This believing criticism heralds a new maturity among evangelicals. It reveals first a willingness to consider God as the one who makes the practice of research possible, even if the results of that research jeopardize secondary preconceptions about the Bible. (p. 165).
His main purpose is to write “a historical essay on evangelical interaction with critical Bible scholarship in America over roughly the last century” (p. 1). To this end, he achieved his goal. Most of the history he covered in the first six chapters. In the final chapters, he switched from writing history to writing his analysis of the situation and the solutions to the perceived problems. Regarding this change, he swerved from his defined mission. It was no longer a recounting the history of the evangelical movement with critical scholars but a critique of those individuals. This part of his work was hinted at from the beginning (pp. 9-10). And so, in some sense, the book could be considered a critique of modern (1986) evangelical scholarship with an extended historical introduction (to borrow the words of Martin Kähler). In the end, however, he did accomplish his goal while adding some additional materials.
When Noll finished his first edition in 1986, he left it with the hope that the Evangelical scholars would take his work and find in it the motivation to pursue higher scholarship. In his afterwards in the 1991 edition, the problem of the lack of evangelical scholarship was still there, but progression seemed to have occurred. However, by 1994, he seemed discouraged with the concept of evangelical scholarship when he wrote in The Scandal of the Evangelical Mind: “the scandal of the evangelical mind is that there is not much of an evangelical mind.”1 He continues, “Notwithstanding all their other virtues, however, American evangelicals are not exemplary for their thinking, and they have not been so for several generations.”2 The tone of this work follows Between Faith and Criticism, but it sets a more depressing tone. However, ten years later in 2004, he commented that while he would not have changed the basic arguments of the book, he would have changed the tone from depressing to more hopeful.3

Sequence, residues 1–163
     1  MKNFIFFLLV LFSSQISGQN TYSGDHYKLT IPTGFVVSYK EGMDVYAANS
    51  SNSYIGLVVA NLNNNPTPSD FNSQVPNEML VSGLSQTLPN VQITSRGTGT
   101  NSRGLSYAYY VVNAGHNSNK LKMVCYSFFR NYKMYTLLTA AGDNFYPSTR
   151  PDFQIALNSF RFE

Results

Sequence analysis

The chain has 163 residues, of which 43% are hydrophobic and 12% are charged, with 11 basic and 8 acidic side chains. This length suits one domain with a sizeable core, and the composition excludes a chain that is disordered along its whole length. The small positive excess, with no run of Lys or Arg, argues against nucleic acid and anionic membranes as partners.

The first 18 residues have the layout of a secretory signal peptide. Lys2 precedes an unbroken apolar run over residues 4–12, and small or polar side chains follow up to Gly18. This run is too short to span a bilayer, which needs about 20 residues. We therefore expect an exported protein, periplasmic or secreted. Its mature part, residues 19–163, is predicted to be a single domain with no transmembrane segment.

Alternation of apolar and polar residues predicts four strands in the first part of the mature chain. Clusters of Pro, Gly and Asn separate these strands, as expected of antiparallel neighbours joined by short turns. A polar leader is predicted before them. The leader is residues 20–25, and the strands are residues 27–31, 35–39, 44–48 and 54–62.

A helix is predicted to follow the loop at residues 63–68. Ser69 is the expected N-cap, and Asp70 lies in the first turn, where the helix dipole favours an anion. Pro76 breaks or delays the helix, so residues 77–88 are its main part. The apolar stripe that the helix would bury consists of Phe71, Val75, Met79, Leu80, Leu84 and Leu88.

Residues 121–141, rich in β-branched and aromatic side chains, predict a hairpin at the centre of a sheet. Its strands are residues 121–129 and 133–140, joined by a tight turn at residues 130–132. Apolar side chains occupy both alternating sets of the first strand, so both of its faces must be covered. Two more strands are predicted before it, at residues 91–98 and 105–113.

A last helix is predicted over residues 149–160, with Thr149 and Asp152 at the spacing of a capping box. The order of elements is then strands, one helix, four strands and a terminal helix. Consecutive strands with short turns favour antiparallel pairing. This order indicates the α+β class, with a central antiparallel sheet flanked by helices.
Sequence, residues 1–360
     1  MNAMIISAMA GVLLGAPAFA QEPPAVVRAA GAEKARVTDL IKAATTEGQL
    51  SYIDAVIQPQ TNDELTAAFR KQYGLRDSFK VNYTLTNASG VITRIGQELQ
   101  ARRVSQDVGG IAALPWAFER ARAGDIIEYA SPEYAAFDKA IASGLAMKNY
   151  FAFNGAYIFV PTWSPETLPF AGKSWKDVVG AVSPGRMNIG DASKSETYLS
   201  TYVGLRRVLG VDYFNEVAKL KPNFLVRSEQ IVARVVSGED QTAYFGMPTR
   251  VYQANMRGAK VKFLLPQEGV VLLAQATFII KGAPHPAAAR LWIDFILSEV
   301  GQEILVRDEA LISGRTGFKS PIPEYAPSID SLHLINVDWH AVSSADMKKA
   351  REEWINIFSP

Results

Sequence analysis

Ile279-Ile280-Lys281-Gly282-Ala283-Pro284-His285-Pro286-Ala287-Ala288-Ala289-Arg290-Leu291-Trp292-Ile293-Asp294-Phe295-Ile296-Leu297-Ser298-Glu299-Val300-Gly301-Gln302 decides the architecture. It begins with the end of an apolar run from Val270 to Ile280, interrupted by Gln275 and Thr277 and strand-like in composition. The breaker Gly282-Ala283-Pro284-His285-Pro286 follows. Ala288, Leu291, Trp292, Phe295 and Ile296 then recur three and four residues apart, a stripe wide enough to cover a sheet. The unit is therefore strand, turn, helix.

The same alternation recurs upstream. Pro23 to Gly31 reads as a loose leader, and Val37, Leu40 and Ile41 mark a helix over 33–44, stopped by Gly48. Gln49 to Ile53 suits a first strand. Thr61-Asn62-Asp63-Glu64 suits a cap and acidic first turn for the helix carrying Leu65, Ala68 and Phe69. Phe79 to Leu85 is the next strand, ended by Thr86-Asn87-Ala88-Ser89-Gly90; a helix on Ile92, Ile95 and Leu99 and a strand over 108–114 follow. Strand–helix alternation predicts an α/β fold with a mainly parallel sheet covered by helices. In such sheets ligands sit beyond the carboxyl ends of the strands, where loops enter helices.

In his final work (to date) about Christian intellectualism, Jesus Christ and the Life of the Mind (2011), Noll again advocates for Christian scholarship. This work focuses on the implications of the how theology, specifically, knowing Christ, should drive evangelicals into scholarly work. In his own words,
The message of this book for my fellow evangelicals can be put simply: if what we claim about Jesus Christ is true, then evangelicals should be among the most active, most serious, and most openminded advocates of general human learning. Evangelical hesitation about scholarship in general or about pursuing learning wholeheartedly is, in other words, antithetical to the Christ-centered basis of evangelical faith.4
And so, his fight for Christian scholarship continued throughout his life. He consistently called for evangelical Christians to engage in rigorous scholarship and pursue high academic goals wholeheartedly.
In the end, this work Between Faith and Criticism was worth reading. It is useful as a succinct guide for understanding the history of critic and evangelical controversies of the previous centuries. It also pointedly challenges the reader to pursue higher education in the Scriptures. It is especially helpful for young evangelical seminarians and academics alike who are interested in Biblical research. It will provide a healthy framework for them to work through many of the issues that they face.
1 Mark A. Noll, The Scandal of the Evangelical Mind (Wm. B. Eerdmans Publishing, 1995), 3.
3 Ted Olsen, “The Scandal of the Evangelical Mind, 10 Years Later,” Christianity Today, 2004, https://www.christianitytoday.com/ct/2004/octoberweb- only/10-18-50.0.html.
4 Mark A. Noll, Jesus Christ and the Life of the Mind (Wm. B. Eerdmans Publishing, 2011), x.